MARTA supporter DeKalb dreams of road fixes

For DeKalb County voters, the proposed 1-cent regional transportation tax represents more than just a penny.

The referendum is hope for a shared funding mechanism for MARTA — people in Fulton, DeKalb and the city of Atlanta already pay a penny tax for the system — and a way to get a few road improvements in the process.

“Because we pay for MARTA, we can’t have a SPLOST for roads like other counties can,” said County Commissioner Stan Watson, referring to a cap on sales taxes under state law. “So on our wish list is a number of projects that include road improvements that other counties could do with a general SPLOST.”

DeKalb County is a heavyweight in the region, with 398,286 registered voters, which represent 17.5 percent of the 10-county region’s voters. Its voter turnout, if it follows historical patterns, could be a quarter of the entire regional vote in the referendum, more than any other county’s. And according to early polling by the Livable Communities Coalition, without support in Fulton and DeKalb, the referendum could not muster a win in the region overall.

So these essential voters are balancing discontent about the MARTA tax on the one hand with the prospect of transportation renewal on the other.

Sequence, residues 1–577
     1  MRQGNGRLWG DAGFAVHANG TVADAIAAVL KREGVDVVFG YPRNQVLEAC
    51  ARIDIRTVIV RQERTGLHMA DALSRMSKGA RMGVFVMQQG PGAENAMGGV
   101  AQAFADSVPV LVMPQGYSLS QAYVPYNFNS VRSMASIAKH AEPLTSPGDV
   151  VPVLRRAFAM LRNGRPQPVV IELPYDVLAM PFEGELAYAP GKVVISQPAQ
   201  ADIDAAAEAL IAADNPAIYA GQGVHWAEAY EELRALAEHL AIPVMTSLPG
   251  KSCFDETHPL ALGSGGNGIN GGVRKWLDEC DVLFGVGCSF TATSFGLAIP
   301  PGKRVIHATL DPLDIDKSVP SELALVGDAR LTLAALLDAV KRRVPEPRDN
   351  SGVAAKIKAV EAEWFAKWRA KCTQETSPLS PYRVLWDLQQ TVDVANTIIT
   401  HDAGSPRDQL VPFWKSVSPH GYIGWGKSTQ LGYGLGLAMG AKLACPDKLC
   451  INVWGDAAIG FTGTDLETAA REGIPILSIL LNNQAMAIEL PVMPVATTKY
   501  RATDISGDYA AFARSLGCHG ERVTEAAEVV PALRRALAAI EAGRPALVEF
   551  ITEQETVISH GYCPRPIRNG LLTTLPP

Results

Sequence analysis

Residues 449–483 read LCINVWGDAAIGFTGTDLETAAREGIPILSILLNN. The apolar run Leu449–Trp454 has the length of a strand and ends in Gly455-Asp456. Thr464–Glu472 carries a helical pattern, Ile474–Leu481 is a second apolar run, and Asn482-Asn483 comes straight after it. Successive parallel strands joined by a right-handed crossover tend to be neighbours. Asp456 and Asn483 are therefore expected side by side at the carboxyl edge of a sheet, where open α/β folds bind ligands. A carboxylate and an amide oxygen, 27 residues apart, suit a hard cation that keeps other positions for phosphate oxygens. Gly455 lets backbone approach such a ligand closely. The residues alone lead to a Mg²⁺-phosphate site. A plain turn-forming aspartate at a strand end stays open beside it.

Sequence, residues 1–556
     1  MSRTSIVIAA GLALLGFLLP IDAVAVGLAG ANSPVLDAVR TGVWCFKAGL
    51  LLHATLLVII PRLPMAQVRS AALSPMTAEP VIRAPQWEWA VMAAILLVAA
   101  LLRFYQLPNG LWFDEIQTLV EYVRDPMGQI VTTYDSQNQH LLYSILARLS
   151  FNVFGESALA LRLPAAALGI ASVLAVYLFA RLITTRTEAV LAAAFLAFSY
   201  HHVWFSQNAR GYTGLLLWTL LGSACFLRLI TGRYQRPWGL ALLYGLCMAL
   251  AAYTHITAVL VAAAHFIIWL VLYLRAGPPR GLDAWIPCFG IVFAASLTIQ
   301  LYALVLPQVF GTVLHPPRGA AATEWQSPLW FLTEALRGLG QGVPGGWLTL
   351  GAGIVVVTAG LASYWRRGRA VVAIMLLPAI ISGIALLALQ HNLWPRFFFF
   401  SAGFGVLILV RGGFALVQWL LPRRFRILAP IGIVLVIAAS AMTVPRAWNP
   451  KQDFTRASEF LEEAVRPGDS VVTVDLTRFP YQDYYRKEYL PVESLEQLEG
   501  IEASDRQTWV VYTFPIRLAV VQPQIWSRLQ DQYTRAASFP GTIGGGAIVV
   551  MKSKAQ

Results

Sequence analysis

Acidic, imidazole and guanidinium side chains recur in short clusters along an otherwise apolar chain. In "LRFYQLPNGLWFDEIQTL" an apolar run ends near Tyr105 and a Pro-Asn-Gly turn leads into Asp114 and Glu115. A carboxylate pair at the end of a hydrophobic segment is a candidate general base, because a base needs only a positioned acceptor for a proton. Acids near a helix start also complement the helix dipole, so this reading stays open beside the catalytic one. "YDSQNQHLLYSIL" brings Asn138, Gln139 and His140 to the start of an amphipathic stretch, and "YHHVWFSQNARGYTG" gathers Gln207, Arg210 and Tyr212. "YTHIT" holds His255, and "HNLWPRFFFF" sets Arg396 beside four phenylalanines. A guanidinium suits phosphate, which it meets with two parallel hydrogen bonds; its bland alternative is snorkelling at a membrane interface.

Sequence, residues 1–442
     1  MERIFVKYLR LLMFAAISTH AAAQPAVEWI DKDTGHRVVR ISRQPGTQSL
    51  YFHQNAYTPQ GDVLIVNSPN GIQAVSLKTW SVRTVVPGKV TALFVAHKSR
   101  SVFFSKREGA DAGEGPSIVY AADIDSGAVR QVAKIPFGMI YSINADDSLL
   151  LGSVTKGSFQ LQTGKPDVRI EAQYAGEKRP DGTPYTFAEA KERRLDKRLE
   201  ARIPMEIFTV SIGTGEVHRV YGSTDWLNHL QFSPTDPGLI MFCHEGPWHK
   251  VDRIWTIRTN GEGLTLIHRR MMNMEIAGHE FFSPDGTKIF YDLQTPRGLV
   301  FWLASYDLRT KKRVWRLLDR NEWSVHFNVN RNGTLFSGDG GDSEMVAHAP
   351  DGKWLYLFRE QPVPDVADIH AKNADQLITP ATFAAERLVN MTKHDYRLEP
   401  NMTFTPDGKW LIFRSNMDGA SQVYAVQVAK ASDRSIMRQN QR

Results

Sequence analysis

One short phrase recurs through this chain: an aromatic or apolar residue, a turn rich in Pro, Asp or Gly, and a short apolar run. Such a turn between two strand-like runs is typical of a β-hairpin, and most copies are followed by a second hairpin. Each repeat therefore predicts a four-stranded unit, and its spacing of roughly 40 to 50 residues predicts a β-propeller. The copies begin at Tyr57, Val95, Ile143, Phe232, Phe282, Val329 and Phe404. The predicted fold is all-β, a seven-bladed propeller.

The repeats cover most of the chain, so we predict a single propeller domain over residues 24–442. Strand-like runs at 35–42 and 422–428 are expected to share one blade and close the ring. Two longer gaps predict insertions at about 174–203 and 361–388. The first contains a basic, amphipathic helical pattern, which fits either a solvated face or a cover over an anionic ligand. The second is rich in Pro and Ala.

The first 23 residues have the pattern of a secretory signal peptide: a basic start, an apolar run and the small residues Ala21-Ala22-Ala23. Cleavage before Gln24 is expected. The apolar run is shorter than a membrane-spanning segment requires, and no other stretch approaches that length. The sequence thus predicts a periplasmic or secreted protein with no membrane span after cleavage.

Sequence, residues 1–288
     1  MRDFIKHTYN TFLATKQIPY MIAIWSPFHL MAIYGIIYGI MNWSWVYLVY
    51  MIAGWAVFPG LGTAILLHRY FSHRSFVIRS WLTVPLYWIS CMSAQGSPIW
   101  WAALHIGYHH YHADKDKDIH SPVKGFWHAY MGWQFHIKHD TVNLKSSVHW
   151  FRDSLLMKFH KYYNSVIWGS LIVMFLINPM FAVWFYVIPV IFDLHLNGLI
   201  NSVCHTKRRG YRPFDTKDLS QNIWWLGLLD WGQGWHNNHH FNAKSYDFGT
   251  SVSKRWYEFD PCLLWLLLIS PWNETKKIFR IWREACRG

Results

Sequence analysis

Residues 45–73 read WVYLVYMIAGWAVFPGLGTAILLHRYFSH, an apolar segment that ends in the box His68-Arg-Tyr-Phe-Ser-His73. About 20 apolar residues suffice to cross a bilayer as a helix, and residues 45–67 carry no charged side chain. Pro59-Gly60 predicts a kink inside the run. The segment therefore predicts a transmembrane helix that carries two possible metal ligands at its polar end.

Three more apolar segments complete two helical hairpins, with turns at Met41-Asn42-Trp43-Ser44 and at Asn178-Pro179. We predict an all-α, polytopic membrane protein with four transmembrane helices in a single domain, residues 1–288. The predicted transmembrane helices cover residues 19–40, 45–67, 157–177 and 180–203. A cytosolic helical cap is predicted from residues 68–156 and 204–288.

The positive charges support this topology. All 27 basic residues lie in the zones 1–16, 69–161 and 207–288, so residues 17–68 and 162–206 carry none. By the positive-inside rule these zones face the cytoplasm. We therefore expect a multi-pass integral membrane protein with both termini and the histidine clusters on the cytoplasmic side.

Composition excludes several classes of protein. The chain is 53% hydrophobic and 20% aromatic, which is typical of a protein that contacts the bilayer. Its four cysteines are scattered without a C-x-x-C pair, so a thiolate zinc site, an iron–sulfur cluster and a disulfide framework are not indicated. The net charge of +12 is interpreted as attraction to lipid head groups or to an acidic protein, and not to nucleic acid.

The county’s “wish list” from which projects will be selected contains much-desired DeKalb projects, including a $1.1 billion rail line from MARTA’s Lindbergh Center station to the Clifton Corridor and Emory University area; a mass transit line along I-20 from the existing MARTA system to Candler Road; a rebuilt interchange at I-285 and Bouldercrest Road; and dozens of other projects.

Angelo Fuster, a communications company owner with deep roots in DeKalb and Atlanta politics, said there will be some voters who simply don’t want any new tax, or who have no faith in government’s ability to run the program.

“In addition to that, you’ve got to come up with a message that reaches across racial and economic and ethnic lines so that people feel justified in supporting a tax,” Fuster said. “And that’s not easy.”

For those pushing for the referendum, Fuster said the project list will be essential.